From left, Andrew Hashimoto, CTAHR professor/principal investigator; Lee Jakeway, director of energy development at Hawaiian Commercial and Sugar; Richard Ogoshi, CTAHR research agronomist and Tim Eggeman, chief technology officer of ZeaChem, Inc. inspecting energy crop trials at Hawaiian Commercial and Sugar (photo courtesy of Andrew Hashimoto)

The University of Hawaiʻi at Mānoa’s College of Tropical Agriculture and Human Resources and its project partners were awarded a four-year $6 million grant by the U.S. Department of Agriculture’s National Institute of Food and Agriculture to increase Hawaiʻi’s energy security by creating locally produced renewable energy.

UH’s project seeks to develop high-yielding biofuel feedstocks that are economically viable and sustainable, to establish advanced local biofuel production processes and to guide development of an advanced biofuel supply chain.

CTAHR faculty from the Department of Molecular Biosciences and Bioengineering, the Department of Tropical Plant and Soil Sciences and the Department of Natural Resources and Environmental Management are partnering with researchers from Oregon State and Washington State University and with ZeaChem, Hawaiian Commercial and Sugar Company, and Hawaiʻi BioEnergy LLC.

CTAHR Professor Andrew Hashimoto, the principle investigator, expects this project to provide Hawaiʻi and other tropical/subtropical regions with information vital to developing sustainable renewable energy.

“This is a timely and essential issue,” he said. “Collaboration is key, as we all bring our diverse strengths to the table for this subject of importance to Hawaiʻi, the nation and the Asia-Pacific region.”

UH’s biofuel project

The project will examine the use of fast-growing tropical grasses such as banagrass, sweet sorghum, energycane (a relative of sugarcane) and Napiergrass–pearl millet crosses for biofuel production, including testing and modifying harvesting and storage techniques for the feedstock grasses and optimizing energy yields.

It will also develop ways to assess the sustainability of renewable energy production in Hawaiʻi, focusing on investigating the development of a rural-based decentralized pre-processing system.

Hawaiʻi presently meets more than 90 percent of its energy requirements through the use of imported fossil fuels and, despite almost non-existent heating needs, has the nation’s highest energy costs. According to Hawaiʻi Energy Statistics, between $3.4 and 5.4 billion was spent annually in the state for fossil fuel between 2005 and 2009. This high price burden is matched by the equally problematic lack of fuel security inherent in such overwhelming dependence upon outside sources.

Not only the state’s own energy needs are at stake, the U.S. Navy has a vital interest in the development of biofuels that can be produced locally to meet its transportation needs. The Navy has unveiled its Great Green Fleet Initiative, which aims to use 50 percent renewable energy by 2020 for its ships and ground transport. This will create a very important market for locally produced biofuels.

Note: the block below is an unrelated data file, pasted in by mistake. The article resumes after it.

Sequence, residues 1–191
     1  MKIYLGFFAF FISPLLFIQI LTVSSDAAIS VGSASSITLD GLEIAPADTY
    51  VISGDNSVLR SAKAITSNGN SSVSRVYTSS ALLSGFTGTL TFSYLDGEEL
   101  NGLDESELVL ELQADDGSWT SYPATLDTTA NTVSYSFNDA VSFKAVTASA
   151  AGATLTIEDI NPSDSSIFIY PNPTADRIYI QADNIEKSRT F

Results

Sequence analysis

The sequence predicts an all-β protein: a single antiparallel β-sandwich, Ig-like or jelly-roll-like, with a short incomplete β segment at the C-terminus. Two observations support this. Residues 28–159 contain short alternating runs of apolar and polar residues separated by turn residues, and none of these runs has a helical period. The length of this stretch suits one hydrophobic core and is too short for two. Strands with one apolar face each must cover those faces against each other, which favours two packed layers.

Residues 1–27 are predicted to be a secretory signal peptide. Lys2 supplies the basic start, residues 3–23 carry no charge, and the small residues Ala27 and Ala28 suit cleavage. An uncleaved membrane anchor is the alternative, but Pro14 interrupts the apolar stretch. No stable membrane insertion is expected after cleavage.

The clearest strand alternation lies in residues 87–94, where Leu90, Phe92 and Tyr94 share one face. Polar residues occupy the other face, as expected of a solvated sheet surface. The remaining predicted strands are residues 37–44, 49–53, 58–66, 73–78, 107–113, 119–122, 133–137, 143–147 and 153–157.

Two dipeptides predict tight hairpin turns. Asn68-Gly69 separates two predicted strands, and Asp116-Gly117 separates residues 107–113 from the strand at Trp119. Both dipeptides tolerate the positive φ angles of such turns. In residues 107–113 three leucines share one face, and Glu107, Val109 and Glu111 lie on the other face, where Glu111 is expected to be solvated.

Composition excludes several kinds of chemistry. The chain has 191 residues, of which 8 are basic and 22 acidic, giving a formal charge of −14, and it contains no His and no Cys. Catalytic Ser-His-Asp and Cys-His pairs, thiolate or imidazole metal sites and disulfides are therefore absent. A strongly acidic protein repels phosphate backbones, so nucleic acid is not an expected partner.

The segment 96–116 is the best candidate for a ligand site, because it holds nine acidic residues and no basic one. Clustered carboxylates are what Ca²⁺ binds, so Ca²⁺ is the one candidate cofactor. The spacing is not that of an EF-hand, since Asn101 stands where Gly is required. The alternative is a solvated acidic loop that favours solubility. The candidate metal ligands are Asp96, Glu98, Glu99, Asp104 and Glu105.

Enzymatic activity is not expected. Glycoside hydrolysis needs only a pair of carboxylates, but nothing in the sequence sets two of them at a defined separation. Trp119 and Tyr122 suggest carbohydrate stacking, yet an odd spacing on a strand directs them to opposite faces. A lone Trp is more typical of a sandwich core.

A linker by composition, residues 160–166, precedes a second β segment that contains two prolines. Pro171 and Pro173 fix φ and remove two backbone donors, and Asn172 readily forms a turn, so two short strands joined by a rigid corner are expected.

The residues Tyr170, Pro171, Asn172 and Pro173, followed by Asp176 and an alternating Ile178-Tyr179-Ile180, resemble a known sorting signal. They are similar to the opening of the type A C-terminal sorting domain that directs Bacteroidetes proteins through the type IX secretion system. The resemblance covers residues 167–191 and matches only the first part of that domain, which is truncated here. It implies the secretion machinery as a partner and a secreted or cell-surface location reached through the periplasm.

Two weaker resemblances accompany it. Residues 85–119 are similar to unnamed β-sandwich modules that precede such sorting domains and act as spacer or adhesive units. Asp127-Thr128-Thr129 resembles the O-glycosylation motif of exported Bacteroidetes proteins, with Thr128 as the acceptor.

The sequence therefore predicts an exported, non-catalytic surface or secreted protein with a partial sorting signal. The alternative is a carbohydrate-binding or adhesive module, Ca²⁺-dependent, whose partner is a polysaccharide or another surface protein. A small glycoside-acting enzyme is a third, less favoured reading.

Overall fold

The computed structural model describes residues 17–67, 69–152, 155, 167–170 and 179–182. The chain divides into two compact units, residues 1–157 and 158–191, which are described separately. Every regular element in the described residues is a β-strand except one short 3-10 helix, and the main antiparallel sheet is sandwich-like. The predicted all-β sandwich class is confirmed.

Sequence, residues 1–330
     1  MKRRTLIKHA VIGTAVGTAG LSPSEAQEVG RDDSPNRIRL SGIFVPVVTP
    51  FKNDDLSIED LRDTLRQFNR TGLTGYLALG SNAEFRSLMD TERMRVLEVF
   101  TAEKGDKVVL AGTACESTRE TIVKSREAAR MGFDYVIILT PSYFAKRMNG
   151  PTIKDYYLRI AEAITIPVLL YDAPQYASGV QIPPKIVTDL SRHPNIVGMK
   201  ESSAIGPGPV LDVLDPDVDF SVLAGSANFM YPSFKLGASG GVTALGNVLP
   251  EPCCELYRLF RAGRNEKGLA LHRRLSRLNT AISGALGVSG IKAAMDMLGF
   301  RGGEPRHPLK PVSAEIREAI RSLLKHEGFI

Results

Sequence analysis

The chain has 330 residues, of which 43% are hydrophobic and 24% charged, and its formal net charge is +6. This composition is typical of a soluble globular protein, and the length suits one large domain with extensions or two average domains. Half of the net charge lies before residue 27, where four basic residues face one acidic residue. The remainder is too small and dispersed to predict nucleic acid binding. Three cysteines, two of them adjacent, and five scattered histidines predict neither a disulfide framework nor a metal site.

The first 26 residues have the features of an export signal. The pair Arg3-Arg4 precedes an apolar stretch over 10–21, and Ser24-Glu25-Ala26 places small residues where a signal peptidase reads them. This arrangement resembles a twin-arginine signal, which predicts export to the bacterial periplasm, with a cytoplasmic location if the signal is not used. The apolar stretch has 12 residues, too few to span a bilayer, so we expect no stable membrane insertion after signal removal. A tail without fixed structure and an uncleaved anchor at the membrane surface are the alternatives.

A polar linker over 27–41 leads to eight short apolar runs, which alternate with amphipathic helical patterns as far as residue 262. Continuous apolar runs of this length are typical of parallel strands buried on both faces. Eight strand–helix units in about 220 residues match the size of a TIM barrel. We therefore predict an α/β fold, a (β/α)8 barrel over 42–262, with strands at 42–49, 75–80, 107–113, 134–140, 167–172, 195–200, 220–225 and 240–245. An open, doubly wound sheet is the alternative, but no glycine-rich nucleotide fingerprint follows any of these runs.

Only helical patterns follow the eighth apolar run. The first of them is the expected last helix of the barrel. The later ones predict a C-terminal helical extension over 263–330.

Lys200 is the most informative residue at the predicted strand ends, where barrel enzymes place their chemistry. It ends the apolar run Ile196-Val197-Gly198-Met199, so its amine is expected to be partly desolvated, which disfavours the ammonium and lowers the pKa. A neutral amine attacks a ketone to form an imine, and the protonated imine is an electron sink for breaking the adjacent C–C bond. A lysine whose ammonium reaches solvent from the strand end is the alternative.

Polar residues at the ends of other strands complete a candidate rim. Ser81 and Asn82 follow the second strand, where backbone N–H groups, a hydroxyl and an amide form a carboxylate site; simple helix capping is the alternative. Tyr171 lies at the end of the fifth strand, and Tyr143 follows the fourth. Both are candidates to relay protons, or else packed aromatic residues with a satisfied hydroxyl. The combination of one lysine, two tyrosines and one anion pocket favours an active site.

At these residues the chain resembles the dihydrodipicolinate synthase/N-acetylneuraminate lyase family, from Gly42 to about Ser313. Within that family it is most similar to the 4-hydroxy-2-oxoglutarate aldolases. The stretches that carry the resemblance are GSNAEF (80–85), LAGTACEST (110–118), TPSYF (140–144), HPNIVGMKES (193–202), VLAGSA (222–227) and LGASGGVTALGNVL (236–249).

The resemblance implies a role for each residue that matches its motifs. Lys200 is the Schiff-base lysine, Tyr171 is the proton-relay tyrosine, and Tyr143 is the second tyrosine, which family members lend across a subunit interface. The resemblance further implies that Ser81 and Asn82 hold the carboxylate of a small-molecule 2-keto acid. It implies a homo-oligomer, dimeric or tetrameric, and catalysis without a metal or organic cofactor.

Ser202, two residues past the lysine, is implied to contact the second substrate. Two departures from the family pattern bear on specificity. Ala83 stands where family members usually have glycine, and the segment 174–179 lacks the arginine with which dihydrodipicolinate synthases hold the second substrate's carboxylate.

From a University of Hawaiʻi at Mānoa news release.

The drive for innovations in biofuels and biobased products

CTAHR’s grant was part of a $41 million investment that will drive more efficient biofuels production and feedstock improvements. The U.S. Departments of Agriculture and Energy announced on July 25 that grants were awarded to 13 projects nationwide.

“If we want to develop affordable alternatives for oil and gasoline that will help reduce our dependence on foreign oil, we need investments like these projects to spur innovation in bioenergy,” said Agriculture Secretary Tom Vilsack in a U.S. Department of Agriculture release announcing the grants.

The Energy Department’s video, Biofuels 101, highlights how technological advances are increasing biofuel efficiency and reducing production costs.

This Post Has 4 Comments
  1. I just finished reviewing “Betting on Biotech: Innovation and the Limits of Asia’s Development State” written by Joseph Wong of Toronto University and published by the Cornell University Press. In the book he examines the Biotech industries in South Korea, Taiwan and Singapore.

    I am currently teaching Economics 496, Asian Economic Regionalism on campus to which I am a visitor. I can get a copy of my review to you in the off-chance that Wong’s book might be useful.

    I can be reached at Extension 67938 or via the Economics Department.

  2. Weighing in on the biofuel issue here:
    Why, when we import almost all of our food, are we going to populate our agricultural areas with fuel crops? With starvation rampant in the world, and a 2 week supply of food in Hawaii it seems quite silly to me to burn our crops. Jus’ sayin…

  3. For 6 million they could re invent the motor so it does not use oil or fuel of any kind, it’s called a fuel cell an they run off water
    Yeah it’s true water can be used as fuel.

  4. The money could of also upgraded our old electric infrastructure to a smart grid so we use only solor power and huge batterey bank, and electric powered cars and trucks , this way we on the islands would use no fuel on all proven equipment, so its not another kick down for the agriculture detpartment , the does not know how to grow orrganiccaly , and I bet what do grow is GMO , and if this post does not go up I will talking with president on the campus for not allowing free speech in a school I attend ,

    This is what I think,

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